The biggest opportunity for screwing up with the computers is deleting a spot before you’ve used it. You have to get a re-send or another download or some other annoying thing, like getting a call on the weekend from a dubber/weekend DJ who knows less about computers than me and trying to walk that person through a download. This is the first time I’ve tried doing that .mp3 thing.
Ever since that RAP mag spotlight shined on Jimbo Kipping 2 or 3 years ago, I’ve been trying to talk up the “store spots on computer” system. Now, I almost know enough about computers to understand what Jim advocated.
I think the .mp3/e-mail way of doing things may sound the death knell of the Spot Taxi and DGSs of the world. It seems to me, a computer is a computer.
Don Elliot [voiceovers[at]earthlink.net]: As you may know, the Prophet has an archive feature. But aside from that, we have taken to archiving on MiniDisc since we acquired a MD keyboard input device for labeling, so you don’t feel like you’re dialing initials as the winner of an archiac “Pong” game. It’s swift and accurate. Our favorite though, is now CDs, since the price is now .22 each. Pretty hard to beat for large file archival. And the utility that came with our old Zip drive has a great archival program for locating data, even for CDs.
Jim Kipping [jkipping[at]texas.net], LBJS Broadcasting Co., Austin, TX: This is a question I take quite a bit of passion responding to. When I got to LBJ close to eight years ago, we had your typical archive ROOM, not shelf, but ROOM!! Wall-to-wall boxes. This comprised of commercials, masters, and miscellaneous stuff that can accumulate over time. This was one of the most important issues that I began working on at that time. First things first—what to keep and what to pitch? This took a good month to sort!! That’s how many boxes we had. Then we did the unthinkable; we began to DAT archive each and every tape. I can still smell the tape a spinnin’. It was a huge task, but a necessary one. Not only did we DAT everything off in the archive, but we came up with a protocol for which current spots we would save. Minus a few beer spots and TV sweep spots, the rest get mastered…permanently.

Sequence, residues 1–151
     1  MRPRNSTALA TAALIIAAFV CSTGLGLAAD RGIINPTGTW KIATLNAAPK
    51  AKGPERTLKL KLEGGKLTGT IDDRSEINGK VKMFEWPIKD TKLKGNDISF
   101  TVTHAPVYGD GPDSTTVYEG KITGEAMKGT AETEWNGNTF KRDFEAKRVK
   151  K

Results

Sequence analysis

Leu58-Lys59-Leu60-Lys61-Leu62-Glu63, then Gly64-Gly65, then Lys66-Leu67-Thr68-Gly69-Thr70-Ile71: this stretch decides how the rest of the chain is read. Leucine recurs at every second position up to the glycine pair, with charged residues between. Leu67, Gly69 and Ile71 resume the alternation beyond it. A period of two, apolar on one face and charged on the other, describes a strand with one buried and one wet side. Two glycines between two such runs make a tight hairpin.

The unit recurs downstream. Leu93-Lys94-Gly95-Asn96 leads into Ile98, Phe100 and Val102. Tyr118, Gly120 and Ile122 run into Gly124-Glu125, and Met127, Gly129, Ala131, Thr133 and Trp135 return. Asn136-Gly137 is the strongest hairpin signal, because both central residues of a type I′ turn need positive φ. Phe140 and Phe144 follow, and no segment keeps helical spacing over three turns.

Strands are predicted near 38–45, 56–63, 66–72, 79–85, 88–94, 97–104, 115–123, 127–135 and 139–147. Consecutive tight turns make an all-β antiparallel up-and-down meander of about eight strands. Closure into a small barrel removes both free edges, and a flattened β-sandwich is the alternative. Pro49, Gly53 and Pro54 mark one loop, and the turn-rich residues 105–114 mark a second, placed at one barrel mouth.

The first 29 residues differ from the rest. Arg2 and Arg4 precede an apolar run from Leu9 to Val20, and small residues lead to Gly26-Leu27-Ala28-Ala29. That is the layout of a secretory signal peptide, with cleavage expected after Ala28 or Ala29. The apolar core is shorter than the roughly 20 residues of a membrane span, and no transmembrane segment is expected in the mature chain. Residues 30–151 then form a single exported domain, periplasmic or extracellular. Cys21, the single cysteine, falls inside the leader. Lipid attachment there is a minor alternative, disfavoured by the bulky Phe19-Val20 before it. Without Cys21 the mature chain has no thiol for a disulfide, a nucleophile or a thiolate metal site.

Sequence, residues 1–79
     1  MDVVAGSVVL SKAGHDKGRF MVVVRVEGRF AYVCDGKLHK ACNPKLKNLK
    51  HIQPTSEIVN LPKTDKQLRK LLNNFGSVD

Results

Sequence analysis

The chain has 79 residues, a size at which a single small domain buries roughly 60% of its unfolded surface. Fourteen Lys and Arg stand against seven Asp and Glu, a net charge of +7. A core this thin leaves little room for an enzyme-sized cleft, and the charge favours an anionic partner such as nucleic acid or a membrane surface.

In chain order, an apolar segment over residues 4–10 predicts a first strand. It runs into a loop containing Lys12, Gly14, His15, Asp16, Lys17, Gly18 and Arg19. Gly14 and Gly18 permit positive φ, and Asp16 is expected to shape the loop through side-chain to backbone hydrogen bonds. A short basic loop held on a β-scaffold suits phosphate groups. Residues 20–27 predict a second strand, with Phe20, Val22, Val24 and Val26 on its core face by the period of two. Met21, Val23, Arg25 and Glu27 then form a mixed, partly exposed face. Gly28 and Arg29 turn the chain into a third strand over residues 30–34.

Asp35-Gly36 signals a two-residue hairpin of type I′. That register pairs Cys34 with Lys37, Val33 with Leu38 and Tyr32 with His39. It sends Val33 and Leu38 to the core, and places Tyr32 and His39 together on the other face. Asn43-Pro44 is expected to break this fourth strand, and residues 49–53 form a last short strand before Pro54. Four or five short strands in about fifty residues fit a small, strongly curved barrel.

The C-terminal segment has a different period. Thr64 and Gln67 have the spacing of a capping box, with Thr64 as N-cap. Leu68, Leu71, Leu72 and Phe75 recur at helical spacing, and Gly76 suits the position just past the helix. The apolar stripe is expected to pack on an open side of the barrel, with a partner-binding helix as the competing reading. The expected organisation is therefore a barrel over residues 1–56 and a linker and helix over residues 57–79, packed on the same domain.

This had been procedure since 1993. Development of a way to research these with info was next. Filemaker was the database of choice, and as we mastered, we also performed data entry as well. We included fields like Client, Spot Code (ISCI), Spot Title, Length and Notes. We also included DAT and Cut fields as well. This entry was done AFTER it was mastered. As of today, we have changed to archiving everything via MP3 on a server that we call AudioBank. This is a secure Server that can be accessed by any person in the building to preview and playback, including programming, sales, and production. For security purposes, only production has the ability to record new material or edit the current data on it. The server is a custom built industrial PIII 800 w/256 RAM, two 20-gig operating system drives, and two 45GB IBM data drives, all 4 in a Hot Swappable RAID setup to protect data should we loose any drive. We still use the same database as before, but now we have added a field called ABank #. This is a huge advantage, as anyone can now research where a spot is archived and instantly play it back from the Audio Bank Server. This means if a client calls and wants to hear their spot, the AE does this from their DESK!!!!